So what if you’re not in coach school? Why might your intuition be useful? Well, for starters, who knows you better than you?! No one is more equipped to understand you needs, wants, hopes and dreams better than your inner voice. You might call it something different – inner goodness or Winston Churchill. You name him/her/it and talk to them often. Listen to what he/she/it is saying and sense the response. At first, you might need a quieter place to do this. After some practice, it will become natural and you’ll have a track record of success.

And what if you don’t listen to your gut because sometimes you won’t. Each day is a new beginning, you still have a powerful intuitive sense that you can further cultivate. Find others who you trust and ask them to tell you a story. Listen with all of your intention, ask follow up questions and try to name emotions that might have come up for the storyteller. That’s one way to build your intuition muscle.

The more you use intuition to guide you and eventually others, the more you’ll seen it’s power. It is your North Star that shines its light so you can see the way. Intuition doesn’t create the journey but it does allow you to flow through energies and challenges with more confidence and ease

You Belong Here

Hello my friends! It’s been an inspiring, grueling, jam-packed two weeks. I’m still trying to wrap my brain around everything that’s happened, all of the amazing people I’ve met and the stories I’ve shared.

If you follow me on social media, you’ll know that I spoke on a panel at the Superwomen Summit almost two weeks ago. I can’t begin to describe how phenomenal the entire weekend was. Take a look at the lineup and Google all of the speakers. Each brought her unique perspective while still being herself. That was the best part of the entire event: These women were attainable, real and struggled. As much as I love Oprah and Brene, they are such lofty goals. I spent the weekend hearing from mothers, daughters, sisters and friends who are still figuring it out but decided to go for it while they were going through the process. Inspirational, for sure and oh so fun!

Summit1

One of my favorite quotes from the Superwoman Summit courtesy of Anna Kunnecke

I am so proud of the panel discussion that I was a part of. I’ll save that for a separate post because that topic deserves my full attention. I can’t begin to capture all I learned at the Summit. The resounding message was one of belonging. There were talks about owning your power, being brave, prioritizing and self-care. Each one was special in its own right and all carried a thread of belonging. We, as women, find it hard to fit in. We’ve been told from men we’re too bossy, assertive, aggressive, bitchy and then there are other women who push us to find our voice, be bold, stand strong. You get the picture. At the Superwoman Summit, everyone was just right, not too much of anything. We, as a collective female community, need to support one another just as we are. Sure, we can support our goals, areas of growth, etc. AND none of that should change who we are at our core. We are perfectly and intentionally created, just as we are.

Post one Summit, I jetted to Atlanta for another, this one specific to work. It was the culmination of months of hard work, with new team members, lots of moving parts and my first show as a manager. It was the most challenging conference I’ve run to date. There were lots of moments where I felt like I didn’t belong, that my big, bold personality was too much. Why? Well, for starters, I wasn’t taking care of myself: Lack of sleep, not eating right and not exercising all contribute to my already stressed out state. Add in all sorts of feedback, both positive and constructive, it was like sensory overall. Plus, as the manager, I was the role model for the team. Just typing that was a lot. Upon returning home, I took care of myself, mind/body/soul. This included lots of sleeping, meal prepping and journaling.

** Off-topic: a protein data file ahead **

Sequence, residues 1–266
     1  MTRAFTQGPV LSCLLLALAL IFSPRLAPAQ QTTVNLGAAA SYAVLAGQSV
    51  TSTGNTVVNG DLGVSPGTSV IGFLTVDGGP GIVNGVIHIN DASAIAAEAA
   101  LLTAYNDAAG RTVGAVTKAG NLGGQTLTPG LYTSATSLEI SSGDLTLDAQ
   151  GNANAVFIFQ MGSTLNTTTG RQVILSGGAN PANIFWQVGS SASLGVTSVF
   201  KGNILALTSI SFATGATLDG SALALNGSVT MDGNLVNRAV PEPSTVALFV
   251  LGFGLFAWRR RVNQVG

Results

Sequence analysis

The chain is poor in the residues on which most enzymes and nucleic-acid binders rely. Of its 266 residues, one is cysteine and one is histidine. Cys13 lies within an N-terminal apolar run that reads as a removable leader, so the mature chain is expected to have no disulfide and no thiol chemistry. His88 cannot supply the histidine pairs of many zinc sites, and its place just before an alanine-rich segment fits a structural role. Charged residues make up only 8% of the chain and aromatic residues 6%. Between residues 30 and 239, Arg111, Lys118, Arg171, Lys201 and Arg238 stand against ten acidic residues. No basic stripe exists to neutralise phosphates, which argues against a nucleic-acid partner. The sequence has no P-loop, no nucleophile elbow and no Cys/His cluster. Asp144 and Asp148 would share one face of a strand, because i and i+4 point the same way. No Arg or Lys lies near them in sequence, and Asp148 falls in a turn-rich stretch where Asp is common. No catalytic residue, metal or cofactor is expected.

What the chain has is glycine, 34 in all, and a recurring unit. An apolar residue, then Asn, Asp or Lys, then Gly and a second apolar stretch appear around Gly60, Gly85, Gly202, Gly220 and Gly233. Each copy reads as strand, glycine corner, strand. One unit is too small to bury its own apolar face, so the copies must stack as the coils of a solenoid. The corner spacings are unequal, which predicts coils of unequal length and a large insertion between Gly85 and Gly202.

Almost a week later and I’m about back to myself. As an empath, I catch and receive emotions in such a heightened way. I’ve learned a lot about what I need to do to show up the way I want onsite. Much of it includes self-care and setting boundaries. The biggest lesson is that a sense of belonging only comes from within. I know, I know Brene Brown already told us this. Yet, I had to learn it for myself. I belonged at BOTH of my Summits, I earned the right to be there, no matter how bold or extroverted or honest I am. I’ve finally gotten back to that mindset thanks to my support squad and lots of working through what’s true and what I’m telling myself.

It’s really hard to put those negative self-talk stories aside especially when you’re receiving feedback. I’m learning to be kind to myself and remember why the universe put me here in the first place.

Summit2

My co-worker/friend and I celebrating a successful Summit

Silence IS Golden

I’m the type of person who can talk to a wall. For most of my life, this didn’t have disadvantages. It allowed me to make friends more easily and fed my curiosity.
Then I entered the real world, full of conference calls, where there was never enough time for everyone to speak. Thanks for a courageous director, I received the very helpful feedback to pause, be more intentional with my words and embrace silence. I wish someone would have told me that sooner!
Before that conversation, silence held a negative connotation for me. If you were silent after I spoke, you disagreed with what I said or were disengaged. In actuality, that’s not always the case. Often, especially in virtual settings, silence can mean that someone is processing what you just said, so they can share a thoughtful response.
quiet.png
I had been practicing this notion of embracing the silence when I began coach training in March. There again I got the feedback to slow down a bit and give my coachee time to process (hold the space as we call it). It wasn’t always easy but the more I did it, the more it paid off.
Then, this radical idea occurred to me. If I want to slow down, be more present and intentional, then maybe I too needed more silence in my life. Since I’m the type of person who constantly has music/podcasts on, this idea intrigued me. So after my March coaching class, I tried it out – silence for the first few minutes of my morning and the last few minutes of my night. Here’s how it’s helped: